Scientific name: Buchnera americana
Cover photo credit: Allen Woodliffe
“Endangered” means the species lives in the wild in Ontario but is facing imminent extinction or extirpation.
Date added to the Species at Risk in Ontario List
Bluehearts was already assessed as endangered when the Endangered Species Act took effect in 2008.
Read the Assessment Report
What it looks like
Bluehearts is a member of the Broomrape family (Orobanchaceae). It is perennial, and grows up to 80 centimetres in height.
It has a spike of deep purple flowers, the petals forming a tube ending in five widely spreading lobes. The leaves are opposite, stemless, coarsely toothed, with the upper ones progressively smaller and narrower than the lower ones.
The seeds of Bluehearts can remain viable in the soil for at least three years.
Where it lives
In Ontario, Bluehearts is found in wet meadow communities between sand dunes along shorelines where it is associated with plants characteristic of tallgrass prairies. This habitat is considered rare in Ontario.
Where it’s been found in Ontario
Bluehearts is concentrated in Tennessee, Kentucky, Arkansas and Missouri. It is believed to be extirpated from Pennsylvania, Michigan, New Jersey, D.C., Delaware, Maryland, North Carolina, and New York.
In Canada, Bluehearts is limited to three locations along a 10-kilometre stretch of the Lake Huron shoreline within the area between Kettle Point and Pinery Provincial Park.
What threatens it
Bluehearts is threatened by habitat loss and degradation, especially a decrease in the extent of water level fluctuations resulting from lower water levels in Lake Huron.
It is also threatened by recreational activities such as ATV riding and cycling, picking, and the development of cottages and roads.
Woody plants and the European Common Reed threaten to crowd it out in places.
Action we are taking
Endangered Species and their general habitat are automatically protected
A recovery strategy advises the ministry on ways to ensure healthy numbers of the species return to Ontario.
Government response statement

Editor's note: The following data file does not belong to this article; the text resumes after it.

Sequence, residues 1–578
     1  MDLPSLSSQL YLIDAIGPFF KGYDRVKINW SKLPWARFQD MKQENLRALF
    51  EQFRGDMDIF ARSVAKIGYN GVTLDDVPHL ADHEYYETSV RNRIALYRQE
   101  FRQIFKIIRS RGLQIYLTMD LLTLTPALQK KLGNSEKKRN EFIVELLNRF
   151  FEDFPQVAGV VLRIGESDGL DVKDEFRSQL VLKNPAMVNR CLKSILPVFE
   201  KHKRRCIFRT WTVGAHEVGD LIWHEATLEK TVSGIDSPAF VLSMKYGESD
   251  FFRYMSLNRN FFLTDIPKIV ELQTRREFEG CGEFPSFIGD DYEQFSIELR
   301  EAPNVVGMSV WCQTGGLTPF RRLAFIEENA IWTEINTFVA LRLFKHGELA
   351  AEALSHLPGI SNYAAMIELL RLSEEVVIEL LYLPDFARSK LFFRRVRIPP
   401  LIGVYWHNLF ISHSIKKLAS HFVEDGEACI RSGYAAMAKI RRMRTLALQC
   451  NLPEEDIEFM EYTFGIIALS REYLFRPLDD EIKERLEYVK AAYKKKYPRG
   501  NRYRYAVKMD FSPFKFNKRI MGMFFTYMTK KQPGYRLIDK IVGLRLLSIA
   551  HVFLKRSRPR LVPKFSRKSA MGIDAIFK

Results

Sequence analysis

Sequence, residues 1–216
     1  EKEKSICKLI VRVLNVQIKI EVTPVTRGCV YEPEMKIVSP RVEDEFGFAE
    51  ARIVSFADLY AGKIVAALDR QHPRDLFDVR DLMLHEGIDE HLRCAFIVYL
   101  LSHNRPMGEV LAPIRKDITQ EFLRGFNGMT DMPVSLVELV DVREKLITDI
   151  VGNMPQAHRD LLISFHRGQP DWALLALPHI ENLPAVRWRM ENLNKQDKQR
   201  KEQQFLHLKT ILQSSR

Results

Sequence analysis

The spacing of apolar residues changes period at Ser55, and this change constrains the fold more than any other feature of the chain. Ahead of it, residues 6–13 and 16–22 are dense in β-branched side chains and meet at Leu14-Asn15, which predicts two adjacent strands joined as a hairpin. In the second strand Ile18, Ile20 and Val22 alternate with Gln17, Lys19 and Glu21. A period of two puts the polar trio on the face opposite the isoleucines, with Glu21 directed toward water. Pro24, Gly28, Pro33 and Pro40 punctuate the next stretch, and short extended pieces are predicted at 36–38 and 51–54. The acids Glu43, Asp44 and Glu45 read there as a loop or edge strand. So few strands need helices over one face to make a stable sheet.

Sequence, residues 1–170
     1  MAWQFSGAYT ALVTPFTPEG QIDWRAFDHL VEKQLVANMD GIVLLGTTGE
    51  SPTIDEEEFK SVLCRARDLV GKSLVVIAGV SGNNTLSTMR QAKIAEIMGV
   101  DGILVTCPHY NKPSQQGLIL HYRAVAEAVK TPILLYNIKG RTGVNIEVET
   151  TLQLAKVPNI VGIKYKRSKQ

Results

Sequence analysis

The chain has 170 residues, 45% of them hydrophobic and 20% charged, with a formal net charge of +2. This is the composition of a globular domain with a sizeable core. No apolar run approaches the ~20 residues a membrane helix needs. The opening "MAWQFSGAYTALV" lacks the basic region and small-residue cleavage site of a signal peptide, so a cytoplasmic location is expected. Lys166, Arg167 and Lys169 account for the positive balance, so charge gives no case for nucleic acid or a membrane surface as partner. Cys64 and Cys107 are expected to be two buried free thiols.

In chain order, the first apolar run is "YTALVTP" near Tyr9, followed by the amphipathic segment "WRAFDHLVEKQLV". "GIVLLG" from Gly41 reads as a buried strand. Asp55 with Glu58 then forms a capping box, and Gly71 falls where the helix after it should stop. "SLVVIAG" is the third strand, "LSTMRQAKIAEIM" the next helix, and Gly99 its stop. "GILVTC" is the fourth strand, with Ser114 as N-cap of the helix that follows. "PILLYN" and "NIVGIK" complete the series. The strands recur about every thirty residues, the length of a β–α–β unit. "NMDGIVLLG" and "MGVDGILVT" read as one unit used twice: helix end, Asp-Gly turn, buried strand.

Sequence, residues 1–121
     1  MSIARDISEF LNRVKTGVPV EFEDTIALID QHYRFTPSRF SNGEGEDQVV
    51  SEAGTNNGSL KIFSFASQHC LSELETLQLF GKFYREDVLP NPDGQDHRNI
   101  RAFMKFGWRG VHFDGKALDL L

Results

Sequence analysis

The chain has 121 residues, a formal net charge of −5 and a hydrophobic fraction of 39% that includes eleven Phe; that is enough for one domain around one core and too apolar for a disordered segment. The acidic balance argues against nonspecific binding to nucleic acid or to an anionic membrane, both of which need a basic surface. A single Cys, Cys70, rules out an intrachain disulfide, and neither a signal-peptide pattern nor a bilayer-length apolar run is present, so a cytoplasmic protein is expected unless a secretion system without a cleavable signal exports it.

A government response statement outlines the actions the government intends to take or support to help recover the species.
Read the government response statement (October 28, 2016)
Review of progress
A review of progress made toward protecting and recovering a species is required no later than the time specified in the species’ government response statement, or not later than five years after the government response statement is published if no time is specified.
Read the report on progress towards the protection and recovery of 18 species at risk, including Bluehearts (2021).
General Habitat Protection - June 30, 2013
What you can do
Report a sighting
- Report a sighting of an endangered animal or plant to the Natural Heritage Information Centre. Photographs with specific locations or mapping coordinates are always helpful.
- Volunteer with your local nature club or provincial park to participate in surveys or stewardship work focused on species at risk.
Be a good steward
- Private land owners have a very important role to play in species recovery. If you find Bluehearts on your land, you may be eligible for stewardship programs that support the protection and recovery of species at risk and their habitats.
- Invasive species seriously threaten many of Ontario’s species at risk. To learn what you can do to help reduce the threat of invasive species, visit:
Report illegal activity
- Report any illegal activity related to plants and wildlife to
- Bluehearts is “hemiparasitic” meaning that it may feed off of other plants but do not require this to survive.
- The seeds of Bluehearts require light to germinate. As a result, the species depends on disturbances such as fire and water level fluctuations to prevent shade-producing vegetation, trees and shrubs from taking over their habitat.
- Bluehearts has bluish-purple flowers that quickly turn black when bruised or picked.